Thanks to Andrew R. Lynch, P.C. for their insight into criminal defense and felons.

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Can I Sue the Person who Accused me of a Crime?

Criminal Defense Lawyer

Many people who are accused of crimes want to know whether they can file a lawsuit against the person who accused them. Being accused of a crime is incredibly damaging to someone’s life, even if in the end they are acquitted, or the case is dismissed. There is so much harm that is done simply by forcing someone to go through the process of an accusation, that many times the person who is accused wants to look for a way to recover from the process as best they can.

The short answer is yes, you can sue someone who has falsely accused you of a crime. Filing a lawsuit is pretty easy – just about anybody can figure out how to do it. The better question is whether you can be successful in suing someone who falsely accused you, getting a judgment against them, and collecting on the judgment.

That’s a more difficult question. In most cases, no, you won’t be successful in a lawsuit.

First, you have to look at whether the person you are seeking to sue is even collectible. If everything went perfectly and you got a judgment against this person, do they have two pennies to rub together? How are they going to pay a judgment? So many times, people don’t consider this factor. They are so angry about wanting to sue the person who put them through hell that they fail to consider that even in the best-case scenario, they are never going to collect on any judgment that they obtain.

If the person you wish to sue is in fact collectible, then you have to consider whether there is actual likelihood of success. The likelihood of success in this type of lawsuit is extremely limited. The burden of proof in a civil case is different than that of a criminal case. This means that, even if it was decided that you weren’t guilty beyond a reasonable doubt, in a civil suit, the accuser could argue that you were in fact guilty, but there just wasn’t enough evidence to prove that in a criminal case. In a civil case, the burden is preponderance of the evidence rather than beyond a reasonable doubt. In order to prove that someone lied about you committing a crime, you would need very solid evidence that the person intentionally lied about you, such as an admission.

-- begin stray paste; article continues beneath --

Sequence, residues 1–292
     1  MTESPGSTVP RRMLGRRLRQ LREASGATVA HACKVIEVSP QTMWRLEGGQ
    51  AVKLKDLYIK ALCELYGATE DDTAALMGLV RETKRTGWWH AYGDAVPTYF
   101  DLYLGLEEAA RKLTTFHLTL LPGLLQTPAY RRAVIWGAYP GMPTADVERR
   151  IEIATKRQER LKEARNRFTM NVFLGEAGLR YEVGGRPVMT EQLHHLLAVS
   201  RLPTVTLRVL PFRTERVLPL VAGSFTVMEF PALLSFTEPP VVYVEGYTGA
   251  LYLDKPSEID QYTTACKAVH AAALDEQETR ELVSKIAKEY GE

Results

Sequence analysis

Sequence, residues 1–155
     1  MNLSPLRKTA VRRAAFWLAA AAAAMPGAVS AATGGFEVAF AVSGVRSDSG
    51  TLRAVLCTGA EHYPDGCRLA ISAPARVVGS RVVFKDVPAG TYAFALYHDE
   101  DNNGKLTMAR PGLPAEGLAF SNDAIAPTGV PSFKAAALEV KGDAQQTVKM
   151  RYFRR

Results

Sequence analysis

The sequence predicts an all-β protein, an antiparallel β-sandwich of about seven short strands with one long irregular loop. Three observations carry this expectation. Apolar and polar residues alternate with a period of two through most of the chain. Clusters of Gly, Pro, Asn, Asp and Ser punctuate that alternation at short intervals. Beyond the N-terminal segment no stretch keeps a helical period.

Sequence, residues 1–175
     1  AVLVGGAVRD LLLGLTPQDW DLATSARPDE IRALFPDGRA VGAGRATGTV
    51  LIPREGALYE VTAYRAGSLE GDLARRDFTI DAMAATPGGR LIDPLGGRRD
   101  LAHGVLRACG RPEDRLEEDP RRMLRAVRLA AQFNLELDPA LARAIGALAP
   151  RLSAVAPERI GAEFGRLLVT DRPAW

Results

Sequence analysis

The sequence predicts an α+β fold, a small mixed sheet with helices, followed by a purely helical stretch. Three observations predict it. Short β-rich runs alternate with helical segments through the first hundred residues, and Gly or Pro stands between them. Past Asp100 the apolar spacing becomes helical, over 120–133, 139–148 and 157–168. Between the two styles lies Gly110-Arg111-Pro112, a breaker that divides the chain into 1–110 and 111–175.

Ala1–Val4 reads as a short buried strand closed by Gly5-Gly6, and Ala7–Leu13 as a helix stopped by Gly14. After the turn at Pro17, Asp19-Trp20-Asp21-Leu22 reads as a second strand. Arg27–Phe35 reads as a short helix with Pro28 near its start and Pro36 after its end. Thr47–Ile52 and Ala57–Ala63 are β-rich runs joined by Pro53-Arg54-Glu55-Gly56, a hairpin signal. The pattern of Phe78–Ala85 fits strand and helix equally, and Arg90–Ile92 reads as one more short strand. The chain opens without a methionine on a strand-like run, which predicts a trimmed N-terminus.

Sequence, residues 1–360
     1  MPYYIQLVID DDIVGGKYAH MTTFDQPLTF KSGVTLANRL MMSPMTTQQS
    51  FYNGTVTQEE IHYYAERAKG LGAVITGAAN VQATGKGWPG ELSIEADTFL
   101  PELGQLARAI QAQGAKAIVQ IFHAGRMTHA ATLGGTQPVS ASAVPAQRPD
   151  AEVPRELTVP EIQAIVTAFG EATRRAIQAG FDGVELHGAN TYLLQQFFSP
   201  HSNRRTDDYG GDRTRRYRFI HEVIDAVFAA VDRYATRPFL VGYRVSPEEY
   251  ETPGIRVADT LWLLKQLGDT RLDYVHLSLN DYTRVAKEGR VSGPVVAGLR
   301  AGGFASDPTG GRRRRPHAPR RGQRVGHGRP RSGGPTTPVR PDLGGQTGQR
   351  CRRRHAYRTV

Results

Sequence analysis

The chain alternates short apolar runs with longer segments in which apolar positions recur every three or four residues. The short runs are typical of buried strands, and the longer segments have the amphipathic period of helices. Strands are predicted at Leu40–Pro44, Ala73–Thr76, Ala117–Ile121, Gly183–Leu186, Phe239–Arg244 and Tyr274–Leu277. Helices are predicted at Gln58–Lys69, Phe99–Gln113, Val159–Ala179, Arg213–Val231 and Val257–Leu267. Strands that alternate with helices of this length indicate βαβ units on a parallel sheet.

If the person that you want to sue is a police officer, it’s possible that you may have a viable lawsuit if your constitutional rights were violated during the course of an arrest or prosecution. If this is the case, you’ll want to speak to a civil rights attorney to discuss the matter in more detail.

Unfortunately, judges and prosecutors who are involved in cases where false allegations are prosecuted are given immunity from lawsuits in almost all cases, though there are some rare exceptions. It is unlikely, however, that you will be able to sue a judge or prosecutor involved in your prosecution.

If you have questions about filing a lawsuit for a wrongful prosecution, contact experienced criminal defense lawyers in Grand Rapids, MI today.

Thanks to Blanchard Law for their insight into criminal defense and false accusations.

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What do I need to know about alimony before I get divorced?

Spousal Support Attorney

If you’re headed for divorce, the court may include alimony payments (also known as “spousal support” or “maintenance”) in the divorce decree. The determination of whether you will be the one obligated to make the payments or your spouse will have to pay alimony will rely in large part on who makes more money. There are exceptions to this which a divorce lawyer can explain to you after a review of your circumstances. Two of the most common exceptions are when the marriage did not last long or if both spouses earned roughly the same annual salary.

Alimony Payment Arrangements

If the court decrees that you must pay monthly alimony to your former spouse, the arrangements will likely follow typical guidelines. Your divorce lawyer can inform you if any of the following will not apply in your case:

  • You will be obligated to make monthly alimony payments until a date specified by the judge. This is usually a period of several years.
  • You will be obligated to make monthly alimony payments until your former spouse remarries or cohabitates with another adult who contributes to their finances.
  • You will be obligated to make monthly alimony payments until your children no longer need to live at home for parenting purposes.
  • You will be obligated to make monthly alimony payments until a judge makes the determination that your spouse has not made a reasonable effort within a reasonable period of time to increase their income level.